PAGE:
Okla. In late February, Cherokee Nation Natural Resources
acting director Pat Gwin gave a presentation at the Tribal Complex
focusing on certain wild plants and their significance to Cherokee
history and culture.
said many Cherokee elders remember venturing into the woods with
their parents and families to gather necessities, which included
food and medicines the wild plants provided.
lot of this knowledge has been forgotten. Unfortunately, with each
passing elder more and more is forgotten, he said.
has worked for the CN for the last 18 years, the last 10 with Natural
Resources. He has a biology degree from Northeastern State University
said Natural Resources has devoted years to gathering valuable morsels
of information from Cherokee elders to pass on to other Cherokees
about different trees and plants, their uses and significance.
not an expert in Cherokee ethnobiology, Gwin said. The
experts in Cherokee ethnobiology say there are no experts.
Cherokee ethnobiology is something that his department is using
to help in culture revitalization, health benefits, genetic preservation
is a controversial topic that has lots of different definitions,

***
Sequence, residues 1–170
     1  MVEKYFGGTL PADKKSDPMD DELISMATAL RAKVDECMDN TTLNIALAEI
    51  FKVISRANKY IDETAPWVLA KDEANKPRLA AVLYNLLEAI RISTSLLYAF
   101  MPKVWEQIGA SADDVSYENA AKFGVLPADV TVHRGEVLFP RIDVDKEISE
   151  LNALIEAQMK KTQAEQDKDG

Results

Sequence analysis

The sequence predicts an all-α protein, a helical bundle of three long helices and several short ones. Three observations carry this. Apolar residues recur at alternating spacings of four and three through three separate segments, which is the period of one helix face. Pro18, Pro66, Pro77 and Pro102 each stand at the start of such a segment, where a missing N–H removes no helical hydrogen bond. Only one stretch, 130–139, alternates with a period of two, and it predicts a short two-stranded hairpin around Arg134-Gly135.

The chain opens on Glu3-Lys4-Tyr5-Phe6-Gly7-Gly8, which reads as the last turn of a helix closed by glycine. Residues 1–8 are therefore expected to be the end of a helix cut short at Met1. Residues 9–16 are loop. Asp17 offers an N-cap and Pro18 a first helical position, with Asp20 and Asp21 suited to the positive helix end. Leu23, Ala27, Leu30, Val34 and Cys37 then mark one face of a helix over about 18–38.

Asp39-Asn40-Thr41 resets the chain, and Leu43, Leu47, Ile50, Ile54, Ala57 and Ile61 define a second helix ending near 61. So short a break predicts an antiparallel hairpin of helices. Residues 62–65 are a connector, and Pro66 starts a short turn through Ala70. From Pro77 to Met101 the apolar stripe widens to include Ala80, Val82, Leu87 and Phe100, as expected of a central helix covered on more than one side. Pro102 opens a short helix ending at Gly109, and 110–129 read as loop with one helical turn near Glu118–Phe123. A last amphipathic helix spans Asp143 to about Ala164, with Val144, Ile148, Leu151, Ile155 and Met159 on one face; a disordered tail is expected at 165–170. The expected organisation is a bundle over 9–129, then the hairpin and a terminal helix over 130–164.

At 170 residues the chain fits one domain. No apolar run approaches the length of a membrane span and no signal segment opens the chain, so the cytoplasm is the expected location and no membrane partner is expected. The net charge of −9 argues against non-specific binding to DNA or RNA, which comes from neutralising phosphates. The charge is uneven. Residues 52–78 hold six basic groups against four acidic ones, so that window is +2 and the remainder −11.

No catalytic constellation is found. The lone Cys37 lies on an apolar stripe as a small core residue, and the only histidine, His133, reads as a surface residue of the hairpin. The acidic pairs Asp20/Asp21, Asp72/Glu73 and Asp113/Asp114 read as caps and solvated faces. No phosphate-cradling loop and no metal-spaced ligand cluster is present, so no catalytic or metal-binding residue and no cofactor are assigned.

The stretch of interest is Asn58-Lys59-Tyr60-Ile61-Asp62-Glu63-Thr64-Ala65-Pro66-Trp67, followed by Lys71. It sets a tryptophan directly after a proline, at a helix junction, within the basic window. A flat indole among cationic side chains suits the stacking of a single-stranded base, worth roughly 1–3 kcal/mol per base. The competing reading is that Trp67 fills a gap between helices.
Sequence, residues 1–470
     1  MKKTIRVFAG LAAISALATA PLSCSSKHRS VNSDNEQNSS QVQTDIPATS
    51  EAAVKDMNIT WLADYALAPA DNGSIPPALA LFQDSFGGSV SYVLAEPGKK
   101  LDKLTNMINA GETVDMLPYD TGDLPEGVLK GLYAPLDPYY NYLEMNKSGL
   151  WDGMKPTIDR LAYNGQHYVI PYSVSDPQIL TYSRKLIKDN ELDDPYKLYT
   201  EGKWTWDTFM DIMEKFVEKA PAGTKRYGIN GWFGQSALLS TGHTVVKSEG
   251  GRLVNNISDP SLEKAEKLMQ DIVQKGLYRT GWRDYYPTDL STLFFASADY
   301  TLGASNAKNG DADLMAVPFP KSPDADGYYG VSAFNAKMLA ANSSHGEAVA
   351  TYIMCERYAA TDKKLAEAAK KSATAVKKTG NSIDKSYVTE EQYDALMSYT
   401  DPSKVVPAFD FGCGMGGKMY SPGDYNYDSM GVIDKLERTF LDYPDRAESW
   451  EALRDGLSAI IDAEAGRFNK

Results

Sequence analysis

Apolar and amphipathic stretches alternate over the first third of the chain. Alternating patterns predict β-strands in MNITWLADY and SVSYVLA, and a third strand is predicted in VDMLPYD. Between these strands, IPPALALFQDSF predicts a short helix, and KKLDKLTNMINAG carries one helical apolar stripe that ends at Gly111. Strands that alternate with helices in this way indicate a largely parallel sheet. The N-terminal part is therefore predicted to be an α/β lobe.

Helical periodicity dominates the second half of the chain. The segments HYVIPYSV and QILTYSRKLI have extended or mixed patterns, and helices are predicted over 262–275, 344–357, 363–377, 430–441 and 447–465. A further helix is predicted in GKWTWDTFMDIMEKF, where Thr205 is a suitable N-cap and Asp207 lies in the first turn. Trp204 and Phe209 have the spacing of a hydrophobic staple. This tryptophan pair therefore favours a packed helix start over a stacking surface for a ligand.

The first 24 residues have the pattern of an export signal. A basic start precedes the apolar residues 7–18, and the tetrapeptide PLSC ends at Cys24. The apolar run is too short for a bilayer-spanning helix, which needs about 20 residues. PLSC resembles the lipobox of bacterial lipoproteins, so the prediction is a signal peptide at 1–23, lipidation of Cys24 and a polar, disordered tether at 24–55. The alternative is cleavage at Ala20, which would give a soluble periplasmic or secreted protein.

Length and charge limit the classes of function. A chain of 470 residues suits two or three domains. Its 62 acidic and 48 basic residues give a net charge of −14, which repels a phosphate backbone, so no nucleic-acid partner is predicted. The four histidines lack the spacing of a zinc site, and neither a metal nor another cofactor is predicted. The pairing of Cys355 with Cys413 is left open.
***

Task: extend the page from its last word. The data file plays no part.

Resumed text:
but our definition today is were going to be dealing with
plants that have cultural ties to the Cherokee Nation, he
Cherokee tribe and most other North American tribes had their own
way of using science to find uses for plants, he said.
to European influence, Cherokees and basically all North
American Indigenous peoples had a system that a lot of western
science European influence would say is primitive. But its
not primitive; its different, Gwin said. Their
system was very natural science-based as opposed to physical science-based.
There was no separating the natural environment from the everyday
ethnobiology program the department is working on is its popular
seed bank program.
is the time of year were actually giving these seeds away,
Gwin said. We raise about 20 different varieties of heirloom
plants: corns, beans, squashes, tobaccos and rare trees.
of the plants have ties all the way back to North Carolina, which
is the Cherokee tribes original tribal homeland, he said.
have a lot of Cherokees that no longer have ties to the Cherokee
Nation, Gwin said. They live way off and they have this
longing to belong to the Cherokee Nation. We have a lot of California
Cherokees that grow these crops and send them back to us.
department grows its garden using and producing the heirloom seeds
west of the CN Tribal Council House. It began distributing seeds
earlier this year for the program.
where every seed that we started with (was grown,) Gwin said.
than 6,000 seed packets were mailed to CN citizens throughout the
United States and other areas last year.